could be taken from here. Many aspects could only been touched upon
very shortly and for the first time for some languages and thus new
insights could be gained by widening the perspective even more in the
future. I would like to conclude the review by mentioning some
possible perspectives and approaches which could be added in future
research to a project on linguistic gender representation. These
aspects are not meant as a criticism on the work done within this
volume but as inspirations stemming from it for possible future
research.

As the investigations in this volume have shown, there has been a
certain emphasis on at the one hand grammar books and on the other
hand public written discourse as linguistic empirical resources,
esp. job announcements in daily newspapers. I think it would be
worthwhile for future research to include spoken language use more
systematically in this kind of empirical research and to make a more
thorough differentiation between written and spoken language for
person reference. As Gerritsen (this vol.) has shown for Dutch for
example, the differences between spoken and written discourse with
respect to gender representation can be worthwhile mentioning. With
respect to this, recent developments in corpus linguistics could be
helpful in adding a further perspective on gender in languages by
including more different registers in a systematic way. This could
even contribute to a more advanced systematic account of the
complexities of language change within different communities of
practice - as has been touched upon by Hall's research on Hindi (this
vol.). In addition to that, different registers of spoken language,
including even dialects, could give a more colourful picture of gender
representation in language and would probably show a higher degree of
variation, thereby emphasizing the creative side of language usage
which is only touched upon in some of the articles, as for example
Nissen for Spanish. Thus, most of the studies under investigation here
reproduce linguistic (mostly written) norms to a certain degree as
well.

The question of linguistic meaning is in most cases exclusively
discussed with a more or less implicit structuralist linguistic
understanding. Some more insights into ways cognition works with
respect to linguistic gender representation over different languages
and language groups (as for example has been shown for Finnish and
Spanish in this volume) would be enhancing for a deeper understanding
of the importance of linguistic gender representation in a
socio-cultural context. To integrate perception studies with a
pragmatic understanding of linguistic person reference could even
include conversational aspects which so far have been understood as a
separate field of linguistic interest only touched upon in some of the
articles and mostly mentioned as a different field of interest. By
integrating these different linguistic aspects the complexity of a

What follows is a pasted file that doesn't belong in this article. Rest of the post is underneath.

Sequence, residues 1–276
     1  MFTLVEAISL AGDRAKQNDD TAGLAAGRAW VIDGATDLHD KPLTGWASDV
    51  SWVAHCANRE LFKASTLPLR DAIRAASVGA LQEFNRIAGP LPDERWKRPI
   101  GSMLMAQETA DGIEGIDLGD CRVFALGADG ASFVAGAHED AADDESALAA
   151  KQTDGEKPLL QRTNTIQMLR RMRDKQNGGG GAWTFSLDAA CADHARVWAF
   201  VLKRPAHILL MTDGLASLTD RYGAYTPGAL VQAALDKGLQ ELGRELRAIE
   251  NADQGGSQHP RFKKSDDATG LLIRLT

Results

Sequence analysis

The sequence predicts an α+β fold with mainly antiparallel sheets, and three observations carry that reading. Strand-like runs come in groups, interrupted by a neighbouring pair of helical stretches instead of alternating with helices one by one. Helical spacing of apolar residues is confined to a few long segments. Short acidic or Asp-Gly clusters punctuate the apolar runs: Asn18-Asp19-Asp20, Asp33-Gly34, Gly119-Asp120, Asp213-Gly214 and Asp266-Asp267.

situational and dynamic understanding of the meaning of person
reference could be improved.

Furthermore, as mentioned above, a more differentiated terminology on
grammatical and referential/social/natural gender could be helpful for
a more advanced perspective on the interplay of gender and language
use, too. Very often, a structural linguistic perspective,
understanding gender representation in a contextfree systematic and
formal way, is tacitly assumed in research on gender representation in
language. A more thorough pragmatic view on the issue, taking into
account different contexts and utterance situations as basic and not
as additional to the understanding of meaning production and
perception could be eye-opening as well here.

Last but not least, I think it could be quite meaningful to take
recent research on grammatical gender not focusing on person reference
forms (e.g. Unterbeck et al. (2000)) as well into account as a
historical linguistic perspective, as it is realized by
grammaticalization theory on gender (e.g. Claudi 1985) focusing on
possible functions gender has and has had. Both perspectives could
even contribute new aspects on feminist linguistic change within the
last decades.

Bibliography of cited works

Butler, Judith (1990) Gender trouble: Feminism and the subversion of
identity. Routledge.

Butler, Judith (1993) Bodies that matter: On the discurisve limits of
"sex". Routledge.

Claudi, Ulrike (1985) Zur Entstehung von Genussystemen: �berlegungen
zu einigen theoretischen Aspekten, verbunden mit einer Fallstudie des
Zande. Buske Verlag.

Eckert, Penelope and Sally McConnell-Ginet (1992) "Think practically
and look locally: language and gender as community-based
practice. Annual Reveiw of Anthropology 21: 461-90.

Unterbeck, Barbara et al. (eds.) 2000 Gender in grammar and
cognition. de Gruyter.

About the reviewer:

Antje Hornscheidt is a Linguist at Institute for Scandinavian Studies
at Humboldt-Universit�t in Berlin/Germany. She is currently writing a
monograph on a pragmatic-cognitive perspective on person reference,
and is taking examples from different Scandinavian languages. Further
research interests include Critical Discourse Analysis, Gender
Studies, intercultural communication, language acquisition, approaches
to the transdisciplinary integration of linguistics and the history of
linguistics.